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About The daily Nebraskan. ([Lincoln, Neb.) 1901-current | View Entire Issue (Feb. 23, 1994)
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Study black history—all year
This week will mark the end of
Black History Month. It marks
the end of most black-orient
ed events on campus and television
specials. It also marks the end of most
class lectures, or “Eyes on the Prize”
documentaries about blacks.
The end of February marks the end
of the 28 days that blacks have been
allotted to celebrate their African her
itage and contributions to America.
Many people applaud the final days
of Black History Month, a month that
some think should be used for some
thing better than celebrating the ac
complishments of blacks.
Some people ask why there’s no
White History Month.
I tell you what, we are willing to
satisfy those whites who may feel this
We’ll give you February, and you
give us March through January, OK?
Cool. Now everybody’s happy, right?
I question the reasons for Black
History Month celebrations, but for
different reasons than those mentioned
Does the United States use this
month as a way of saying “Look, we
gave you one month, the shortest at
that, to celebrate your African heri
tage. What more could you ask for?”
Do we have Black History Month
so college lecturers can ask their stu
dents to attend one black or minority
Do we tiave Black History Month
so people can feel good about them
selves for taking the time out of their
schedules to attend an event?
I ’ m not saying attending these func
tions is bad, or everyone who does is
doing so for the wrong reasons. But
we must understand that even 365
days is not enough time to rejoice and
celebrate the gills African Americans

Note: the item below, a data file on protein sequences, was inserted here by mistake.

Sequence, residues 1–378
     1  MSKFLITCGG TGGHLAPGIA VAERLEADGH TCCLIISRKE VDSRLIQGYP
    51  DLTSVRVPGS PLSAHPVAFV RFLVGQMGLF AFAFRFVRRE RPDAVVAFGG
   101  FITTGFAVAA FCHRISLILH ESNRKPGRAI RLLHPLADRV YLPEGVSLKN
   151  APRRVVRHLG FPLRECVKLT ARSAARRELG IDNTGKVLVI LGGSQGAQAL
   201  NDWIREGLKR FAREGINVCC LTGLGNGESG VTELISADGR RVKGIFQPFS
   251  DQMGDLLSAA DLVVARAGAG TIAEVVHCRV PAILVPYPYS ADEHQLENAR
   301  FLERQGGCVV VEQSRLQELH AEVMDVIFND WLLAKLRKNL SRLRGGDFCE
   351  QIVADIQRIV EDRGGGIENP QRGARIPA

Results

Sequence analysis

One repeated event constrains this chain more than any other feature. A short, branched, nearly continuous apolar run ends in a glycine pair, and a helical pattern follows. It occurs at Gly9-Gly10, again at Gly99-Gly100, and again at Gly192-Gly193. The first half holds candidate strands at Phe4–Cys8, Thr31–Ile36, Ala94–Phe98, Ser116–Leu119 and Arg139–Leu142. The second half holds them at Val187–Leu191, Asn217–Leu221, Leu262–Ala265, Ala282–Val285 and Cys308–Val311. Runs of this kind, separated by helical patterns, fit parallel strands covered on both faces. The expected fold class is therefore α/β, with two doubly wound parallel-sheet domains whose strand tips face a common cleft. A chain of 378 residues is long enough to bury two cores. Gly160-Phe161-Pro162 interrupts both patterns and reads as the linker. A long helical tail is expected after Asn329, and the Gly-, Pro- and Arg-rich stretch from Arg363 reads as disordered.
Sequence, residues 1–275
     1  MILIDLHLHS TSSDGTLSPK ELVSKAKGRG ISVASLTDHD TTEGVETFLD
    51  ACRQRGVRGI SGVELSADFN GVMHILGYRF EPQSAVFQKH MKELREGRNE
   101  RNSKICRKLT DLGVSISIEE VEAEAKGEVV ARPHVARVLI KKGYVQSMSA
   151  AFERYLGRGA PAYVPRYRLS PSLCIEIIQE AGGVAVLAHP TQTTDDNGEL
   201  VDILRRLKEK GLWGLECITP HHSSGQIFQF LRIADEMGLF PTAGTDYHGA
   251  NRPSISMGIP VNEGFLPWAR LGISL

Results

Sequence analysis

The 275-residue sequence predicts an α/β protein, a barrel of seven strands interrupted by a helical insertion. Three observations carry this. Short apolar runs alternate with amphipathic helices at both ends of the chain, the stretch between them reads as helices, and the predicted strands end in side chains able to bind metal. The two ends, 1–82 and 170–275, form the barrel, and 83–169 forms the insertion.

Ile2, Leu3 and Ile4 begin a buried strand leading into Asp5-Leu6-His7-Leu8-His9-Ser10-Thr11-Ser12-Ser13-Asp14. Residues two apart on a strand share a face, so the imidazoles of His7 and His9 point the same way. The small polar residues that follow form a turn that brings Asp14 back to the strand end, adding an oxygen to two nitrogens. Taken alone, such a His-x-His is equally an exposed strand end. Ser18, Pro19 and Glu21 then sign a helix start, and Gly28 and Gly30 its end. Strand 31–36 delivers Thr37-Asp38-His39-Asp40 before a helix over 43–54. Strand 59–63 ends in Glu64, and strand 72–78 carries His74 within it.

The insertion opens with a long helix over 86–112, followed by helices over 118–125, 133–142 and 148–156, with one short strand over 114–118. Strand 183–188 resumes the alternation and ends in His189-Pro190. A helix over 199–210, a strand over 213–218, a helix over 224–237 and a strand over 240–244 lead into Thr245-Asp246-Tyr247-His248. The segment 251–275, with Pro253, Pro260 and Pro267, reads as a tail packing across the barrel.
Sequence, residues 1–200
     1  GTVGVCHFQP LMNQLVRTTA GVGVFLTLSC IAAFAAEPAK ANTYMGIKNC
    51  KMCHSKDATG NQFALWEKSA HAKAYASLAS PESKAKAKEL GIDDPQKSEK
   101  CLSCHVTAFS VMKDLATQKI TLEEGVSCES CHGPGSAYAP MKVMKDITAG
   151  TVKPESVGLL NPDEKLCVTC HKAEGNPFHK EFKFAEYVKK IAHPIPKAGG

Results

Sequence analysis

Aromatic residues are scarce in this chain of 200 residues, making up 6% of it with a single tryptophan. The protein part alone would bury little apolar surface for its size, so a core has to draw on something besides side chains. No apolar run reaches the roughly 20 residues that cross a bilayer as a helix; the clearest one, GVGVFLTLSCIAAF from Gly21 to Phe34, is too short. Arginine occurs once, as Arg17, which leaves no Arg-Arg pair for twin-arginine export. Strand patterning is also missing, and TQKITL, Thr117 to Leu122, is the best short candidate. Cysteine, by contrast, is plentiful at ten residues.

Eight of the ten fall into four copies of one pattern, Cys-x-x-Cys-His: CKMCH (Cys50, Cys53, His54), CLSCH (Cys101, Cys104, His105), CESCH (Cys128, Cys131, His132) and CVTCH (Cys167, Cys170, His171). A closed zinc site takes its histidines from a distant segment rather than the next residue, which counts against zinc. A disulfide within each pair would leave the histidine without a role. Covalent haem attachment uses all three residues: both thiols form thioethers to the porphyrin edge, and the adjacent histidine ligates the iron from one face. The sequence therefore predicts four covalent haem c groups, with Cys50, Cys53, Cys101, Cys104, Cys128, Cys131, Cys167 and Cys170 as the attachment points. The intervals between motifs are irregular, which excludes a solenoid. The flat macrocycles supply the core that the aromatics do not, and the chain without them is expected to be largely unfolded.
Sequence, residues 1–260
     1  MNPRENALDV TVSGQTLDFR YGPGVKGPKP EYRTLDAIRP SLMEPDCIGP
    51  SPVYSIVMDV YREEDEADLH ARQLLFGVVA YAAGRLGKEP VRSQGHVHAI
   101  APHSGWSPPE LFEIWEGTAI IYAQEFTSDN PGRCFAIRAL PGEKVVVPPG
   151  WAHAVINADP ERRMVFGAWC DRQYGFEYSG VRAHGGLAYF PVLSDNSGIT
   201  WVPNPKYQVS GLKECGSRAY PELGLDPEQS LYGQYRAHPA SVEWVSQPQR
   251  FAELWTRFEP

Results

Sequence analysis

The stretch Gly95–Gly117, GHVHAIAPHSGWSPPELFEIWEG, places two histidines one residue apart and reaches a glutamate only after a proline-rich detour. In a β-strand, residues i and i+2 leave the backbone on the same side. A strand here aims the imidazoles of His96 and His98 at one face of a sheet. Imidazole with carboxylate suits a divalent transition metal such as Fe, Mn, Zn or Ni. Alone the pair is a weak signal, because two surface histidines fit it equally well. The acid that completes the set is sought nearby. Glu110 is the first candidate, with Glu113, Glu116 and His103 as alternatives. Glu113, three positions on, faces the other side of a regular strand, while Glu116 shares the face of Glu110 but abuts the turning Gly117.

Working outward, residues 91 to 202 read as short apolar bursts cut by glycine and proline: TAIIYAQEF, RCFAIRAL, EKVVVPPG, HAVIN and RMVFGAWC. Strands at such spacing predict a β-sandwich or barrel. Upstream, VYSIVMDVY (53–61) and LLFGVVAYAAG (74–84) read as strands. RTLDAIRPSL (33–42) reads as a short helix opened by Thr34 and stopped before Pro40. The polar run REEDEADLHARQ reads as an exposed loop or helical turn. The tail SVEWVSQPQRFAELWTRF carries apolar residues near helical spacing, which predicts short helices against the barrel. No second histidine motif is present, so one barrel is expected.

brought to and continue to bring to the
I do not disapprove of a Black
History Month celebration, but many
people, including blacks, use Febru
If we were taught in school that
there were, and still are, famous
black scientists and inventors,
then there truly would be no need
for a Black History Month.
ary as the only time to celebrate black
Black history should be celebrated
every day, not just on special occa
sions — it is a part of American
I recognize the contributions that
my African-American ancestors gave
to this country are rarely spoken of
within our educational system. This is
one reason we have a Black History
If we were taught in school that
there were, and still are, famous black
scientists and inventors, then there
truly would be no need for a Black
It is important to know, especially
as a child, that there are people who
look like you who helped to build this
country. If children only see people
who don’t look like them doing some
thing worthwhile in history books —
who discovered a life-saving cure for
a disease or contributed to the well
being of our society — how are they
go ing to truly bel ieve that they too can
do accomplish great things?
I applaud anyone who takes the
time to leam about the history of
blacks during Black History Month,
but those who do so only during Feb
ruary and not year round, get a failing
grade in my book.
If you really want to learn about
black history, take the time to do so on
your own throughout the year and not
just when the United States reminds
us that it is now time to celebrate
achievements of blacks in America.
There are many black Americans
that could be included in text books,
• George Washington Carver, de
veloper of instant coffee, ink, sham
poo and soaps made from peanut oil.
• Dr. Charles Drew, pioneer of
blood plasma preservation. Ironical
ly, he died of a car accident because
he was refused entry into a white
hospital; he needed a blood transfu
• Lewis Latimer, inventor of the
electric light bulb. He also made the
plans for Alexander Graham Bell’s
• Garrett Morgan, inventor of the
automatic traffic signal and gas masks
used by firemen and soldiers in war.
• G.F. Grant, inventor of the golf
tee. Isn’t it ironic that blacks weren’t
and still aren’t allowed in some golf
• Elijah McCoy, inventor of the
first automatic lubricator, which al
lowed small amounts of oil to contin
uously trickle onto the moving parts
of operating machines. Anyone own
ing this automatic iubricating device
boasted about having ‘the real
McCoy.’ This phrase still signifies
If you have a chance to leam more
about another culture or your own
culture — if you know little about it,
do so. It will only help you understand
and appreciate those cultures better.
Spurlock it a iculor broadcasting, aewi
edltorlal aad English major aad a Dally No
Di it Me \i> wis